menghai tea factory( dragon tea house)Edit Company
Popular Teas from menghai tea factory( dragon tea house)See All 11 Teas
Recent Tasting Notes
This is an excellent ripe. There was a lot of fermentation flavor at first but it was not of the unpleasant sort. It had the taste I have come to expect from a Dayi ripe, not sure what to call that note but a Dayi ripe has a certain type of fermentation taste. The seals also glowed green indicating that this was a real Dayi. There was little bitterness to this tea. The fermentation lasted four or five steeps and then was history. I think you could say there were some chocolaty notes in this tea. In the last couple of steeps it even developed a bit of a fruity flavor but subdued. This was an excellent ripe.
I steeped this tea twelve times in a 180ml teapot with 11.3g leaf and boiling water. I gave it a 10 second rinse. I steeped it for 5 sec, 5 sec, 7 sec, 10 sec, 15 sec, 20 sec, 25 sec, 30 sec, 45 sec, 1 min, 1.5 min, and 2 min. The tea was pretty much finished after twelve steeps but then again I didn’t use a huge amount of tea considering the size of the pot. This was a very inexpensive tea. A two pack of tuo chas was only around $28. To me this was a bargain because it was excellent but young ripe. There have been some issues with Dragon Tea House selling fakes but this one seemed real, both in taste and in the security seals glowing green where they should.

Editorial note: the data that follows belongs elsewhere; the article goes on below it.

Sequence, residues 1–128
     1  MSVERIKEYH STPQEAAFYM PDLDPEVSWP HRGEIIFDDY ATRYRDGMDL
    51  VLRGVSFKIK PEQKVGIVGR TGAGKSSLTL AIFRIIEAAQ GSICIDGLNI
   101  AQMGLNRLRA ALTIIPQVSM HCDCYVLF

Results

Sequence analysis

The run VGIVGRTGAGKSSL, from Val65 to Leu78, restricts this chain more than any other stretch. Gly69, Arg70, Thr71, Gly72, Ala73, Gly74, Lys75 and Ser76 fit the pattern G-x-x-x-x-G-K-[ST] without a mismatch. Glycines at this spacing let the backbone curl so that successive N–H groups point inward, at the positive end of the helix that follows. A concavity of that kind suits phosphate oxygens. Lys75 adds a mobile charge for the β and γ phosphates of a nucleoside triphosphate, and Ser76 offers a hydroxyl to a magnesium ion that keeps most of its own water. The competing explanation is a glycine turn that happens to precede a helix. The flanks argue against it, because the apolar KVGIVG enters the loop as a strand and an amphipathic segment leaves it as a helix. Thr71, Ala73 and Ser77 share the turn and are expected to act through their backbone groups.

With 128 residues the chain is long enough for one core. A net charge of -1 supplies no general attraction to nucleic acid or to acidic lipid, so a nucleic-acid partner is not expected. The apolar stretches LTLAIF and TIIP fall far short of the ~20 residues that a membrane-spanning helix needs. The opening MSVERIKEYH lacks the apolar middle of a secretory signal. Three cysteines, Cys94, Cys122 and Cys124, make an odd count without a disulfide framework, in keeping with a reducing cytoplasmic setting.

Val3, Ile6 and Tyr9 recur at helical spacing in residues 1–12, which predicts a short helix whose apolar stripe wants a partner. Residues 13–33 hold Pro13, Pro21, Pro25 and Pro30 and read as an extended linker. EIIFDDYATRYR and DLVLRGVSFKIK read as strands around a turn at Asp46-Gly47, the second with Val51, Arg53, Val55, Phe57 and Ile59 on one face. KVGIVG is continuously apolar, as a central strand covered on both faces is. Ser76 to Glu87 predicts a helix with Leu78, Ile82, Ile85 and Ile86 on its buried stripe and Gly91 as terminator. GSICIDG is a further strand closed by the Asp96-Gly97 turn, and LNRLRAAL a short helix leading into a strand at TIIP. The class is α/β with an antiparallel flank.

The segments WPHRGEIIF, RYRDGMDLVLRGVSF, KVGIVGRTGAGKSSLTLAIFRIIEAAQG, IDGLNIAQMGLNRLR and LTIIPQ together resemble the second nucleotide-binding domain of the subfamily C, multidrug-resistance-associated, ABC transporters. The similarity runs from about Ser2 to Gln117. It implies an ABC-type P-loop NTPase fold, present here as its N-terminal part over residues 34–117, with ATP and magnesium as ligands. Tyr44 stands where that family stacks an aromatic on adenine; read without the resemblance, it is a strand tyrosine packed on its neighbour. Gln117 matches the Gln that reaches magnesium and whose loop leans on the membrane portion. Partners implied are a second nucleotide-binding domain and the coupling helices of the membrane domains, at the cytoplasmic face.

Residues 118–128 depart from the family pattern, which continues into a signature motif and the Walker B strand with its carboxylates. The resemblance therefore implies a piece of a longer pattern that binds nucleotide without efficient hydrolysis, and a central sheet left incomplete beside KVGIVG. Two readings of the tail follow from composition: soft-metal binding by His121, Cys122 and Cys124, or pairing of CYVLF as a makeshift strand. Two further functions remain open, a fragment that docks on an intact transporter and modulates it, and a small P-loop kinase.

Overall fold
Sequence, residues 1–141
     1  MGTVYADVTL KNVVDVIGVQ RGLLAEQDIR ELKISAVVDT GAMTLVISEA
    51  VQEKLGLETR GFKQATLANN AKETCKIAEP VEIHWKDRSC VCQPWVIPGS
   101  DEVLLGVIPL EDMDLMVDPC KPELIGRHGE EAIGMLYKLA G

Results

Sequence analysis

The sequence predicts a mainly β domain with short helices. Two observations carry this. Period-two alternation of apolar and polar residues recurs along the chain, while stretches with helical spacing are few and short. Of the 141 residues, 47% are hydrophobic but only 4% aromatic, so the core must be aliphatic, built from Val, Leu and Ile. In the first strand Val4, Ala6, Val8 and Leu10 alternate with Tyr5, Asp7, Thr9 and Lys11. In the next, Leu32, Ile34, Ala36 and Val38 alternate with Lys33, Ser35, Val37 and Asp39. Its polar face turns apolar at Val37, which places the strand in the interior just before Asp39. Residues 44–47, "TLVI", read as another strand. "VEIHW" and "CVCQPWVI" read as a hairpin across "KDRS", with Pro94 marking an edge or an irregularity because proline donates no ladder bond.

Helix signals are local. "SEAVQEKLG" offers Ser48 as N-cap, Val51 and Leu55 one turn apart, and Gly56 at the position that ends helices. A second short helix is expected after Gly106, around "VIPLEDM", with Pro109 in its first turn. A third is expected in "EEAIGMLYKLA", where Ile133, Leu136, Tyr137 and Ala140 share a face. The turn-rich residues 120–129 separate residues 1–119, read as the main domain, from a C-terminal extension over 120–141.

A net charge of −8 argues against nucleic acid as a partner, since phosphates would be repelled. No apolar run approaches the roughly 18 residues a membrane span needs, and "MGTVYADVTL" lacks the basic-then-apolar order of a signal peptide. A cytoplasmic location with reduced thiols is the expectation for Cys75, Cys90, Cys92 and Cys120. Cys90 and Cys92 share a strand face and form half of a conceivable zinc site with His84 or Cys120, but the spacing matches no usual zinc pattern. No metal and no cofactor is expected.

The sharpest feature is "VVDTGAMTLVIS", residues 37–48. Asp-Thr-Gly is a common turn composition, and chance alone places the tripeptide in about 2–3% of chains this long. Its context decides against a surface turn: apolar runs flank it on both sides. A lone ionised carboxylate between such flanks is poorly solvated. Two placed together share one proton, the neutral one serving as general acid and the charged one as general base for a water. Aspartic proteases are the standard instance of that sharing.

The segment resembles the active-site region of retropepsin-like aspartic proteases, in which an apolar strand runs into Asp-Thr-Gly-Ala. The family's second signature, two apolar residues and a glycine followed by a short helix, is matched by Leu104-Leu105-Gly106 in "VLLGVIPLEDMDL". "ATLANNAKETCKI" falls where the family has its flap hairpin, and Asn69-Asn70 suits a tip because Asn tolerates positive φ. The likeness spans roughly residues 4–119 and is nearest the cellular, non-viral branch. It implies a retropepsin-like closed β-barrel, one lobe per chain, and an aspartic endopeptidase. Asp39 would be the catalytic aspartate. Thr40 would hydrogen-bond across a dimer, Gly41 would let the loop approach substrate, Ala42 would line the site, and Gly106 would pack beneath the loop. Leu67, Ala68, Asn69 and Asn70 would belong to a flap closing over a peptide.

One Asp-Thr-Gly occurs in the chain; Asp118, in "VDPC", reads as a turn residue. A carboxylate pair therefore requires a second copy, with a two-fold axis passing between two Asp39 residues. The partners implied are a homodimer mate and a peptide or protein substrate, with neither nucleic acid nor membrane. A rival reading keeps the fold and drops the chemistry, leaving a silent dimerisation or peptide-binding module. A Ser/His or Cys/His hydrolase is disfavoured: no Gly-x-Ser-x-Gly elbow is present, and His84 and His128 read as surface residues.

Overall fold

Flavors: Chocolate, Earth, Fruity, Sweet
first i gotta say.. it’s not what i expected.
i got this tea in 2013 (2012 production, 201 batch), about 6-12 months after production. it had a full aroma with a slightly sweet twist and i quite liked it.
i stored it for 3 years now with the paper slightly opened so it gets air, no direct sunlight in a shelf. as it is a shu/shou tea (ripe) the quality is not really expected to get better like with a raw sheng tea, and it didnt.
after 3 years it just tastes like pure dark earth with a slight sinensis aroma. it’s kind of interesting, but the good sweet aroma really went away with the years and did not improve or get more intense.
i wouldn’t say it tastes really good anymore. sweetness is gone and it’s more bitter without beeing really bitter but also not sweet. that’s why i give it only 85 points for the original taste. after 3 years i would give it only 65 points.
steeping time needed is still very short for the first steeps, like 5-10 seconds, but needs quite more time with the 6th steep (like 25-35 seconds).